Allow me now to challenge the above poster to set aside the irrational anger he or she demonstrates and help you have a reality check. Fr. Andy is not accused of having a young boy spend the night in his room and Fr. Zingaro is not charged with any crime. If you read the article closely you would see that Visconto never said that Fr. Andy ever did anything wrong to him...simply that he felt uncomfortable around him at one point. If I remember correctly from his testimony last year, he was laudatory in his comments about this priest and began to shy away from him after he no longer expressed an interest in priesthood. L
    Regarding Fr. zingaro, as was pointed out above, he was on a vacation with a married couple and there were 4 boys with them...probably some of those boys were the sons of the coupe. Perhaps they were staying at a really small vacation place and had limited sleeping accommodations. It does not say that Zingaro slept in the same bed. In those days there were no rules concerning such things. Now no priest would even put himself in such a situation for fear of accusations.

    I had some great experiences with priests when I was a kid and am sorry that my sons will not have the opportunity to experience the same because of all this stuff.

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    Replies
    1. You may apologize or make excuses for these "men of God" if you wish. Grown "men of God" inviting young boys into their rooms and beds at night is an abomination! However, do not despair, I am certain there are some Catholic priests in your area who would love to have "great experiences" with your sons. "All this stuff" as you so callously put it is called sexual abuse of children. You say "...in those days there were no rules concerning such things." Do you really need a rule telling grown priests NOT to take other peoples children into their rooms and beds at night??? Tell me, would you allow a priest to take one (or all) of YOUR sons into his room for the night? How about letting your sons sleep in the same bed? Be thankful that "all this stuff" is the reason that most of these "men of God" are no longer taking young boys into their rooms and beds. Be thankful that YOUR children aren't the ones who were spending the night and/or sharing a bed with one of the monsters... er, excuse me, one of the upstanding "men of God."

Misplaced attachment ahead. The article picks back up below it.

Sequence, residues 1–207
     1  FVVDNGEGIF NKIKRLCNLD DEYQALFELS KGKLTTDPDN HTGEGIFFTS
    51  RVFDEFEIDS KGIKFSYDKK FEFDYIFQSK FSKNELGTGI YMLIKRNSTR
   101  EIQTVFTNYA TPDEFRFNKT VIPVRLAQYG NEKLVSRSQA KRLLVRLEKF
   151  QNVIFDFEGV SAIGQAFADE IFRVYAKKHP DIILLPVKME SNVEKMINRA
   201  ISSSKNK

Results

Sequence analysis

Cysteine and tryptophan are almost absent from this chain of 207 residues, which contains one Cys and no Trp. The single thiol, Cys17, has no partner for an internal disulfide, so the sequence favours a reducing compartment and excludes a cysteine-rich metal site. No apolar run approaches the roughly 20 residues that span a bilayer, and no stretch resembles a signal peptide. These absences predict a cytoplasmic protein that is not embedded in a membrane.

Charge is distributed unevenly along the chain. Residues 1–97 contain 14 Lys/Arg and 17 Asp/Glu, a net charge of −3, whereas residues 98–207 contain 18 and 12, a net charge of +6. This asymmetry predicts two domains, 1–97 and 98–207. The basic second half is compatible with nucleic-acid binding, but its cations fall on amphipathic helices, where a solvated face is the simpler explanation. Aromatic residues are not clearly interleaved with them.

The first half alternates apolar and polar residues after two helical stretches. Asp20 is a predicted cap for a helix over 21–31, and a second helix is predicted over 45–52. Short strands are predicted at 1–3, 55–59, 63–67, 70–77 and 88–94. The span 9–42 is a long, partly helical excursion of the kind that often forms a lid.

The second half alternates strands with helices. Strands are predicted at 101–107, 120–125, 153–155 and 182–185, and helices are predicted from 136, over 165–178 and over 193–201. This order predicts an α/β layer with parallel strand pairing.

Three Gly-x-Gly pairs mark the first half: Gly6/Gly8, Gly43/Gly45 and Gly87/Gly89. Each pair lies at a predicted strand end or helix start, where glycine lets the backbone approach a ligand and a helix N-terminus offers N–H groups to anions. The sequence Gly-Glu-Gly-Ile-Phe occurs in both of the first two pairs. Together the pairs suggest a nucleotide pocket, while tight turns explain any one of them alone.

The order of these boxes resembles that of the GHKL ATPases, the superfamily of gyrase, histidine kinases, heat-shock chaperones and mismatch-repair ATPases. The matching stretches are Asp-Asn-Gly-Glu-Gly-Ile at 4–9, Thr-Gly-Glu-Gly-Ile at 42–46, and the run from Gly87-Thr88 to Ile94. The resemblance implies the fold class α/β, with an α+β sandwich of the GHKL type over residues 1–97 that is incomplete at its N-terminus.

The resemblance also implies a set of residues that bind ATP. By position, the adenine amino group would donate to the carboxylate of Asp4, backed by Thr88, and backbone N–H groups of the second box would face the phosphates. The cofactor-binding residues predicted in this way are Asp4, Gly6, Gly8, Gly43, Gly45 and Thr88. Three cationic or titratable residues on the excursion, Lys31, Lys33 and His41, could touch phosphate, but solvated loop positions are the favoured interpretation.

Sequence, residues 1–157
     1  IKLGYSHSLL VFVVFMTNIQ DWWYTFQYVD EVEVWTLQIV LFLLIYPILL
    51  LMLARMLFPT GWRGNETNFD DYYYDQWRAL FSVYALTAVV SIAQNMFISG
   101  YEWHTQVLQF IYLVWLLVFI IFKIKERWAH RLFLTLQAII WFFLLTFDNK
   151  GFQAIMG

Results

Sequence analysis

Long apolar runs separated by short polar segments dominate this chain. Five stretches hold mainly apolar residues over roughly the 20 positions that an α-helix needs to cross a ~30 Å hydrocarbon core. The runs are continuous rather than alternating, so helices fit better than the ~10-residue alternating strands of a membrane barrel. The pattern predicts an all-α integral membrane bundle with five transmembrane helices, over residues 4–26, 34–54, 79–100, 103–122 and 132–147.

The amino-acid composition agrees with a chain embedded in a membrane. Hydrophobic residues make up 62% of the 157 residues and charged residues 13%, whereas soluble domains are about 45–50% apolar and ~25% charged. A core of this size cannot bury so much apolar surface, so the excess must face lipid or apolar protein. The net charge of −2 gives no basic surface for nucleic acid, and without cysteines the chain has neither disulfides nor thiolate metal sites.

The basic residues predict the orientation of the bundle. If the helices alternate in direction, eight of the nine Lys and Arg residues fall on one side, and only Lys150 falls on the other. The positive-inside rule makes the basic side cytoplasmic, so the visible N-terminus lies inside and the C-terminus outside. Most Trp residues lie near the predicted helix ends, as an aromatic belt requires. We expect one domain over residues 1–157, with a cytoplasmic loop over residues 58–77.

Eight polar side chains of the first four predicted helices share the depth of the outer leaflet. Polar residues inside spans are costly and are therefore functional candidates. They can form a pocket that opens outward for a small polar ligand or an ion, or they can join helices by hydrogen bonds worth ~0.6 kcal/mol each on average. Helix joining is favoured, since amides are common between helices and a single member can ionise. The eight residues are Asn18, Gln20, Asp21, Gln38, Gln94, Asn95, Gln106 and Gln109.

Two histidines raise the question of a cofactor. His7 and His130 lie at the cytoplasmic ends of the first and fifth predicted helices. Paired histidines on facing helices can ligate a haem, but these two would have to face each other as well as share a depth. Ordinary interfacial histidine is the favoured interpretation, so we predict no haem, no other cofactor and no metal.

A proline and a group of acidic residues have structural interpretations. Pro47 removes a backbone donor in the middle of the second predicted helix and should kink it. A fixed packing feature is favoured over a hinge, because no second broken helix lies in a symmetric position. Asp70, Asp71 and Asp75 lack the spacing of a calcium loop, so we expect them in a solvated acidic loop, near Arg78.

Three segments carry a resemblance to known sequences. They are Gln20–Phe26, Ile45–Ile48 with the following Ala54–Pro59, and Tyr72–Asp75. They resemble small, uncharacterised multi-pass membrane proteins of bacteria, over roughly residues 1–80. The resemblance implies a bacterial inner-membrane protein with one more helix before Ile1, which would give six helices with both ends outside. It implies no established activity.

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  3. I have to disagree with anonymous @ 5:07 when he makes the statement "Now no priest would even put himself in such a situation for fear of accusations"

    Don't you follow the news man ? Either priests are the dumbest group of individuals on the face of this earth or most not all are brain dead. You would of thought since the sins of the catholic church and its clergy came to the surface a priest would watch their back and learn from other priests mistakes but you don't see that. In the Philadelphia area alone within the past couple of days you have had priests removed. In one case the FBI is now involved. Last year you had a priest who thought it was o.k.to walk up to someone and grab the individuals genitals. That is only the cases we know about. Look at the case at Our Lady Calvary church. The parishioners were kept in the dark regarding one of their priests who had accusations of improper behavior with children, and your church claims to be transparent.

    I don't believe all priests are sick animals and your sons can still have the opportunity to experience the great things you did, but you as their father must be involved also. I think your sons would enjoy that too.

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  4. I can't see how Ralph thinks the defense scored a few points. If we look at the testimony of Trooper Dozier Ralph points out that Dozier does not remember Fr. Andy asking him and the victim to meet him in the basement, but on cross Dozier states "I could have forgotten, Dozier conceded. He did recall "going down to the basement" a couple of times, but he couldn't remember anything else.

    To me one statement contradicts the other, and raises another question if Trooper Dozier was also a victim of Fr. Andy.

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  5. Interesting to know there is zero coverage of this trial in the Inky.

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  6. Been wondering the same thing... Maybe the 2 other cases are considered "new" news by the editors. This Ex-priest should be getting equal coverage for the world to see/hear about. Thanks to Ralph for his daily updates.

    ReplyDelete